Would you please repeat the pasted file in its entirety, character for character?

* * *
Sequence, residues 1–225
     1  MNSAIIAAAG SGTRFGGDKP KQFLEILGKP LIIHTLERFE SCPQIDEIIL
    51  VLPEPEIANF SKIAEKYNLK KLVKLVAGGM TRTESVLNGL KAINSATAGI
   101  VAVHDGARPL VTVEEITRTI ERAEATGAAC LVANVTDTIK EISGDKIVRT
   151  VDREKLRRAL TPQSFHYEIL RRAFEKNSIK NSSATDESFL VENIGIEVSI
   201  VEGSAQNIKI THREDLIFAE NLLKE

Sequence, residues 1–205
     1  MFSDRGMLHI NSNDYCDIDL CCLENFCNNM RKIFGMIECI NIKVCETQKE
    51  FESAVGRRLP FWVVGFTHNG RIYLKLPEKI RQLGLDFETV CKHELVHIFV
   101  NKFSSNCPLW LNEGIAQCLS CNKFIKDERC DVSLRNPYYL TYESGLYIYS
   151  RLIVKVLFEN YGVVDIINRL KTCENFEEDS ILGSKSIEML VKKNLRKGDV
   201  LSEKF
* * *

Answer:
Sequence, residues 1–225
     1  MNSAIIAAAG SGTRFGGDKP KQFLEILGKP LIIHTLERFE SCPQIDEIIL
    51  VLPEPEIANF SKIAEKYNLK KLVKLVAGGM TRTESVLNGL KAINSATAGI
   101  VAVHDGARPL VTVEEITRTI ERAEATGAAC LVANVTDTIK EISGDKIVRT
   151  VDREKLRRAL TPQSFHYEIL RRAFEKNSIK NSSATDESFL VENIGIEVSI
   201  VEGSAQNIKI THREDLIFAE NLLKE

Sequence, residues 1–205
     1  MFSDRGMLHI NSNDYCDIDL CCLENFCNNM RKIFGMIECI NIKVCETQKE
    51  FESAVGRRLP FWVVGFTHNG RIYLKLPEKI RQLGLDFETV CKHELVHIFV
   101  NKFSSNCPLW LNEGIAQCLS CNKFIKDERC DVSLRNPYYL TYESGLYIYS
   151  RLIVKVLFEN YGVVDIINRL KTCENFEEDS ILGSKSIEML VKKNLRKGDV
   201  LSEKF